Driving home from the Skirball Cultural Center after being thrown to the ground by Keith A. Wallace's powerful solo performance piece, "The Bitter Game," I noticed that I was going over the speed limit while cruising along a particularly snaky stretch of Mulholland Drive.
I slowed down not out of concern for being stopped by the police but to prevent myself from crashing into some Hollywood mogul's guesthouse. Wallace's show, which was presented at the Skirball for two performances this weekend, helped me to understand my casual relationship to law enforcement as a luxury of being white. Driving while black, as the news keeps painfully reminding us, is a much more fraught experience.
"The Bitter Game," which Wallace co-created with his director, Deborah Stein, brings the theatrical tool of emotional enlightenment to the issues that have given rise to the Black Lives Matter movement. The work, which was originally commissioned by and produced as part of the 2015 Without Walls festival at La Jolla Playhouse, tells the story of Jamel, a young man whom Wallace portrayed first as a boy enjoying the neighborhood fun of a block party and later as a college student home to celebrate his mother's 50th birthday.
Gun violence and police brutality figure in agonizingly expected ways, but what set this experience apart from the news reports of similar stories was the personal relationship Wallace established with the audience. Before the performance proper began, the audience was brought to a part of the gallery that had been set up as a recreation room. Old-school R&B was playing while adventurous theatergoers tested their jump-roping skills in a game of double Dutch. The vibe was relaxed and communal.
The show itself took place in another gallery area that had been transformed into a makeshift performance space. (Andrew Horwitz, the Skirball's director of programs, has curated a monthlong series of eclectic offerings for the Performance Lab, which runs through Feb. 25.) Wallace asked theatergoers to get up and stretch. He exhorted all sections of the audience to make some noise. Candy, the reward for the loudest cheers, was liberally distributed.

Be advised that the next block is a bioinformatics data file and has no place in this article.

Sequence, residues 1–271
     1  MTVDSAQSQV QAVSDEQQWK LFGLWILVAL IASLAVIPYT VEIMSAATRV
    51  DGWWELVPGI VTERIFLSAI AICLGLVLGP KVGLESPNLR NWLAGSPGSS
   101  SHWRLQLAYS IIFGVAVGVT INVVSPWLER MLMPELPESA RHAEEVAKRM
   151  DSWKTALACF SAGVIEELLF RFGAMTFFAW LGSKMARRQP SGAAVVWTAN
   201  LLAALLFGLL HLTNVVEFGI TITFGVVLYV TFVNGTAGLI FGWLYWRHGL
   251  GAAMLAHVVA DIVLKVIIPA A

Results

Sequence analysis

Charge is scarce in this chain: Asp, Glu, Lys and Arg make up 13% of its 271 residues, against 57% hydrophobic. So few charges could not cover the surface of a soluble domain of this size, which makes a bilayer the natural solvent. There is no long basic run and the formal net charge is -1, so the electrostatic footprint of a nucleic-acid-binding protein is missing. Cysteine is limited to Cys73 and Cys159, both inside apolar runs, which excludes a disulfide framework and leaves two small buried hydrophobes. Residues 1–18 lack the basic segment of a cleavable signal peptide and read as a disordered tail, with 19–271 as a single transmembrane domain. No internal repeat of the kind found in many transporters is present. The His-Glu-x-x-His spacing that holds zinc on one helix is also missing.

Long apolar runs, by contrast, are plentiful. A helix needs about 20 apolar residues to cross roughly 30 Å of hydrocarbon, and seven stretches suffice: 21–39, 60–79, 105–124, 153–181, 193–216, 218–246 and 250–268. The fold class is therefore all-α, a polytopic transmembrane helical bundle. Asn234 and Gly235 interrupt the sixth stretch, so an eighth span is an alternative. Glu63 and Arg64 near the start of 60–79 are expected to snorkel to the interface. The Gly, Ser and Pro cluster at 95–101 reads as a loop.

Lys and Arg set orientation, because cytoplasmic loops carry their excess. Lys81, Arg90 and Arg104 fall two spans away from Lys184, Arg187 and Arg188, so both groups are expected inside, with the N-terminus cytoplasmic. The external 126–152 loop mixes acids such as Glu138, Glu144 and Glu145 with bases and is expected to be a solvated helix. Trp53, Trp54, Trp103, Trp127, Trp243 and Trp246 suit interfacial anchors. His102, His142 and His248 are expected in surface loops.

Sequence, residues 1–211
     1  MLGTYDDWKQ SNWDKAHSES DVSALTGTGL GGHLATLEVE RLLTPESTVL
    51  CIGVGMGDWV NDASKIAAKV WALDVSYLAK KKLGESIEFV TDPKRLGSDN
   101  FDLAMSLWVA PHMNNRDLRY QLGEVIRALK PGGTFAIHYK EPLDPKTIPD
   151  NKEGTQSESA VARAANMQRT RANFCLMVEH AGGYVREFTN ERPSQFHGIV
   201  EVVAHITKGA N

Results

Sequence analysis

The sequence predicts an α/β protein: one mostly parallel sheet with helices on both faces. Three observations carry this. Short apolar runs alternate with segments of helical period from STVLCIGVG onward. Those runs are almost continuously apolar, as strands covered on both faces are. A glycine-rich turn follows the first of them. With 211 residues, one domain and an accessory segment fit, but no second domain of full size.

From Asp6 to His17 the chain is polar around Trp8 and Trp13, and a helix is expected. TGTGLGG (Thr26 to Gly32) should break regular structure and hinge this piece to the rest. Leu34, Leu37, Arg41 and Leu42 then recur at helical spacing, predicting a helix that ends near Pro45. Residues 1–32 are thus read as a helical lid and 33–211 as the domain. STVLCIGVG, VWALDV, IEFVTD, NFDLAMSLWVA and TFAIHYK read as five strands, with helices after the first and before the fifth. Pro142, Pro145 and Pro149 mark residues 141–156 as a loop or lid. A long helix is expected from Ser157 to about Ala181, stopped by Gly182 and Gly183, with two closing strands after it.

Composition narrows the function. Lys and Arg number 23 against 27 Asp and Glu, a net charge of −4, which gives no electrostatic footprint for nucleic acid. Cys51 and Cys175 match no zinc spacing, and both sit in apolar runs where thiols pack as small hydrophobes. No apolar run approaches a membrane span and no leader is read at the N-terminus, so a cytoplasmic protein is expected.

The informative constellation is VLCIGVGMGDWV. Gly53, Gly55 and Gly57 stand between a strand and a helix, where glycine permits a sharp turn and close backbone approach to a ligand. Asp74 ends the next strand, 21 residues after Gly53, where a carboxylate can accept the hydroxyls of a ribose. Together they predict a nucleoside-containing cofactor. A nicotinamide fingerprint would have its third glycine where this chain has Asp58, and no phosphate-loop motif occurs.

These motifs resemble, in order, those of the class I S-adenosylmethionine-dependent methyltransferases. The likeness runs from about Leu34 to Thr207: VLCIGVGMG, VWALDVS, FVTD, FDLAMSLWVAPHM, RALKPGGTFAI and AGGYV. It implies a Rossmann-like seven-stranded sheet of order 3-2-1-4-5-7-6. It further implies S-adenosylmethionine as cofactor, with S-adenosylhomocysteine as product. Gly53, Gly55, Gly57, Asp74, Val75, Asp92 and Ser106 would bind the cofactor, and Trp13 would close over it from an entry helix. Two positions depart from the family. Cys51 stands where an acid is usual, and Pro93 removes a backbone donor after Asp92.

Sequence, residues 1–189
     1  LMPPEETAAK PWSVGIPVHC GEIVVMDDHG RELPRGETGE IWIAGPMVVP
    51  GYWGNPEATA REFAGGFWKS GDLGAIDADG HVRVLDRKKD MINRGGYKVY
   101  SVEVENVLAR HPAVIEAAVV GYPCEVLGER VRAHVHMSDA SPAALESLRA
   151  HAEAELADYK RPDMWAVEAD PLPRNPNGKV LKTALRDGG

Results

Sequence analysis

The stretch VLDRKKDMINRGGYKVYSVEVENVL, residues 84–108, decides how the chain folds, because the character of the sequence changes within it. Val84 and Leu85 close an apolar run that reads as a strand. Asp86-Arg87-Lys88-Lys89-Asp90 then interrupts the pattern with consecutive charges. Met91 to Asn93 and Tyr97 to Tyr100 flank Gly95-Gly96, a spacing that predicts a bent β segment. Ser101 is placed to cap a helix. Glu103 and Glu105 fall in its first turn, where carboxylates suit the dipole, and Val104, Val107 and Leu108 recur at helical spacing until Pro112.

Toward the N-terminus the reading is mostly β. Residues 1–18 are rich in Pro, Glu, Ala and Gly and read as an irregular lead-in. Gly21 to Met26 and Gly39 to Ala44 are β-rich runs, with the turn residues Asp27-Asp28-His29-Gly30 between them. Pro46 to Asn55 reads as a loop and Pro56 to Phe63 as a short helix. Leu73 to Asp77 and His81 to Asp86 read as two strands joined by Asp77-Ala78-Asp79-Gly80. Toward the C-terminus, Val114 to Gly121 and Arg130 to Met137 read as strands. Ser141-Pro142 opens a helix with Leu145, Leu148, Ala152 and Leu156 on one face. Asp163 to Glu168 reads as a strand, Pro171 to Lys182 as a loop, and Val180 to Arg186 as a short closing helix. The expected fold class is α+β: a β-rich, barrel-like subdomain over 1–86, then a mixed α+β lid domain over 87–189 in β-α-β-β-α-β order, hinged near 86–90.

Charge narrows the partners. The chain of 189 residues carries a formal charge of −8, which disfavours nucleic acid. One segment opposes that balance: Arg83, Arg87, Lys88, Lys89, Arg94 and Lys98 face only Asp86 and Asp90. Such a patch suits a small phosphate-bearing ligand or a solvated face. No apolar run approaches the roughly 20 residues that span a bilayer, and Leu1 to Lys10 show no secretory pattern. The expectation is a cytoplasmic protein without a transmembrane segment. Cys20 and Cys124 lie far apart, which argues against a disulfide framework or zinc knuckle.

The raucous friendliness helped close the gap between audience and performer. Wallace, a multi-hyphenate artist, describes himself as an "actorvist," and fusing a connection with the audience is clearly integral to his art.
References to basketball run throughout "The Bitter Game." Indeed, the show is organized into four quarters with an "overtime" coda. A ball even gets tossed back and forth between Wallace and audience members — sometimes with unexpected force.
Jamel's mother (whom Wallace effectively impersonated with minimal fuss) gives her son "the talk" after being disturbed by his boyish interest in guns. She teaches him how to behave if ever stopped by the police: head up, eyes forward, ego down. She presents these instructions as analogous to sporting rules. He may not like them, but if he doesn't abide by them he's out of competition.
Nothing that was said in "The Bitter Game" hasn't been heard elsewhere. But it's how Wallace personalized the words and individualized the experiences that made the difference. What eventually happens to Jamel doesn't happen to a stranger but to a charming, talented performer who could be a friend, neighbor, classmate or coworker. The rapport, intensified by Wallace's conspiratorial smile, defeated detachment.
"The Bitter Game" was simple and direct — and all the more damning for being so. My drive home had me reflecting on something white people in the main don't seem all that comfortable acknowledging: white privilege. That was a byproduct of a performance piece that was about the opposite of privilege, the deadly discrimination that makes the Black Lives Matter movement necessary in the first place.
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